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University of California


— Science

Lockheed Martin shrinks the telescope

After 400 years, the original telescope design is getting a major upgrade. Part of a DARPA funded project, Lockheed Martin's Segmented Planar Imaging Detector for Electro-optical Reconnaissance (SPIDER) telescope replaces the large primary lenses used in refracting telescopes with an array of tiny ones that allow the instruments to shrink by a factor of 10 to 100.

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— Biology

Mutant mosquitos with glowing red eyes offer eco-friendly malaria control

We've seen genetic engineering used in various ways in an attempt to combat the spread of malaria by mosquitoes, including rendering the insects flightless, altering their sense of smell, making them infertile, and making them unable to spread the disease. Now another approach has been added to the list with scientists at the University of California developing a CRISPR/Cas9 technique that could stop entire mosquito populations from transmitting the malaria parasite to humans.

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— Electronics

Portobella mushrooms improve battery recipe

The number of electric vehicles and mobile devices is expected to surge over the coming decade, which would place considerable strain on our environment and resources as far as battery technology currently stands. In an effort to find more sustainable alternatives for battery materials, researchers from the University of California, Riverside have created a battery incorporating the skins of portabella mushrooms. The move not only has the potential to reduce the economic and environmental cost of battery production, but may also result in batteries whose capacity increases over time.


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— Medical

Scientists uncover potential biomarker and drug target for autism

Improving our understanding of what causes autism spectrum disorder (ASD) can not only lead to better drugs to treat it, but more precise methods of diagnosis. Though progress has been made, as it stands there are no reliable biomarkers for ASD, with previous research implicating hundreds of genes in the condition which has muddied the waters somewhat. But now a team of scientists has zeroed in on defects in a particular signaling pathway that may be responsible for cognitive impairments associated with the condition.

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— Medical

Paralyzed man uses own brainwaves to walk again – no exoskeleton required

A man suffering complete paralysis in both legs has regained the ability to walk again using electrical signals generated by his own brain. Unlike similar efforts that have seen paralyzed subjects walk again by using their own brainwaves to manually control robotic limbs, the researchers say this is the first time a person with complete paralysis in both legs due to spinal cord injury was able to walk again under their own power and demonstrates the potential for noninvasive therapies to restore control over paralyzed limbs.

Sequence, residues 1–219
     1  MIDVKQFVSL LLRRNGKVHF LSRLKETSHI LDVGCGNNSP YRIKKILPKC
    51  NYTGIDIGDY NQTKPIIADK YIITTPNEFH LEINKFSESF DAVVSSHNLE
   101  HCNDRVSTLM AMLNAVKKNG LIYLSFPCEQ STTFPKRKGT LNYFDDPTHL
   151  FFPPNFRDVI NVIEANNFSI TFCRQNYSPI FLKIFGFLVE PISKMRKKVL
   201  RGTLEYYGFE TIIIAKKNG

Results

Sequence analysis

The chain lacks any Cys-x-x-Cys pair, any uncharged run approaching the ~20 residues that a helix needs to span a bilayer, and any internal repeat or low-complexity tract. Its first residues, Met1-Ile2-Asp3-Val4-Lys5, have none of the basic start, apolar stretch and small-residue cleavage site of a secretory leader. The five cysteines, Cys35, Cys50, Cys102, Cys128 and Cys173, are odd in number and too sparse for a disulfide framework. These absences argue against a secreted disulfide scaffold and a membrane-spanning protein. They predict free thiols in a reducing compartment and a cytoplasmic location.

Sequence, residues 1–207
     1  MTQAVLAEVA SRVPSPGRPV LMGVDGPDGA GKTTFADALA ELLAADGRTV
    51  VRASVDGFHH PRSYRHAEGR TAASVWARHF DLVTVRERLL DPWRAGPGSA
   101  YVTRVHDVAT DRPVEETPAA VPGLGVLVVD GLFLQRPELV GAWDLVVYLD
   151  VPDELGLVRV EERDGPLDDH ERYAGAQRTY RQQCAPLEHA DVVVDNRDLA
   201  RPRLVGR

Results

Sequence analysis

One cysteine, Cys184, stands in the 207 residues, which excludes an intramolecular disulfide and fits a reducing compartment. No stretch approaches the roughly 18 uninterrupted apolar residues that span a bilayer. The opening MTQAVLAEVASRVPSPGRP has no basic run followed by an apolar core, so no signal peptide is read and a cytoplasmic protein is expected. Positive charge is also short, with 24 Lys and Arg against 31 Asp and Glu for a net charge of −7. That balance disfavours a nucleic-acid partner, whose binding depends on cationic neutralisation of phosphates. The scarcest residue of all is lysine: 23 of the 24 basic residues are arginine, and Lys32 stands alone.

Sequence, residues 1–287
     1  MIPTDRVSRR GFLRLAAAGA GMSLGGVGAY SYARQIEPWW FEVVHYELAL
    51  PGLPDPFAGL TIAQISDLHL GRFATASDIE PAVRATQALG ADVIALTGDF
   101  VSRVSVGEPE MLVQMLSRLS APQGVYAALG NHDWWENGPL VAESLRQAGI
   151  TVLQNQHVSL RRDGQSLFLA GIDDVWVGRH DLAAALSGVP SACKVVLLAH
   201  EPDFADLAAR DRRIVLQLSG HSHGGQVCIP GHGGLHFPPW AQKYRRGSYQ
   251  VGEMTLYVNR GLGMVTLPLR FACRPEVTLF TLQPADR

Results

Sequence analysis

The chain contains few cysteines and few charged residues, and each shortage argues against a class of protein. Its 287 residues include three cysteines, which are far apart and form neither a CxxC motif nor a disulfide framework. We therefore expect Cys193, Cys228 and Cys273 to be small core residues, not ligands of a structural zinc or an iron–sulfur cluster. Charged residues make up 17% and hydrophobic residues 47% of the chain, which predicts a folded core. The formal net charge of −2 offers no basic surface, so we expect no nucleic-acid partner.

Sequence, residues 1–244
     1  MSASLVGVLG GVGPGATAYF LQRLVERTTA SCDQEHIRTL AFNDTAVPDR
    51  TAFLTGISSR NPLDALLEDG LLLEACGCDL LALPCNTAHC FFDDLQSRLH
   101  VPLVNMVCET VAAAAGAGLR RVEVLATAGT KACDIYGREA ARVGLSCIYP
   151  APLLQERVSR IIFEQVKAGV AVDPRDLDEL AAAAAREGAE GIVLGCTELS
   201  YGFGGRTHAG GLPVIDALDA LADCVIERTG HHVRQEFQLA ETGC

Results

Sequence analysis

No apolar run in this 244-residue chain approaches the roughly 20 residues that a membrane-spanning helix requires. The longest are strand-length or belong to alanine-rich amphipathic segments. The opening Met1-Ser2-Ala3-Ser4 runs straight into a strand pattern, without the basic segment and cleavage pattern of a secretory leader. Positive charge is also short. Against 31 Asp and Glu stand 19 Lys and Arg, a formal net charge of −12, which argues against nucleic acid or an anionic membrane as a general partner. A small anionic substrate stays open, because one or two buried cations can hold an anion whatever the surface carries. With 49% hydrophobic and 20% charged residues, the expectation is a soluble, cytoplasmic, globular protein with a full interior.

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— Medical

Protein patch restores heart tissue and function after a heart attack

Though sufferers of heart attacks may survive the initial event, they cause permanent damage to the organ in the form of scar tissue, which affects its ability to pump blood. Scientists around the world are working on this problem, with hydrogels, human stem cells and even bioengineered tissue that sticks together like Velcro all offering possible solutions. But the latest promising advance comes from a team of researchers that has developed a simple protein patch that restores animal hearts almost to normal function.

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— Environment

Artificial photosynthesis breakthrough turns CO2 emissions into plastics and biofuel

Scientists at the Lawrence Berkeley National Laboratory and the University of California, Berkeley have created a hybrid system of bacteria and semiconducting nanowires that mimics photosynthesis. According to the researchers, their versatile, high-yield system can take water, sunlight and carbon dioxide and turn them into the building blocks of biodegradable plastics, pharmaceutical drugs and even biofuel. Read More
— Electronics

Graphene device makes ultrafast light to energy conversion possible

Converting light to electricity is one of the pillars of modern electronics, with the process essential for the operation of everything from solar cells and TV remote control receivers through to laser communications and astronomical telescopes. These devices rely on the swift and effective operation of this technology, especially in scientific equipment, to ensure the most efficient conversion rates possible. In this vein, researchers from the Institute of Photonic Sciences (Institut de Ciències Fotòniques/ICFO) in Barcelona have demonstrated a graphene-based photodetector they claim converts light into electricity in less than 50 quadrillionths of a second. Read More
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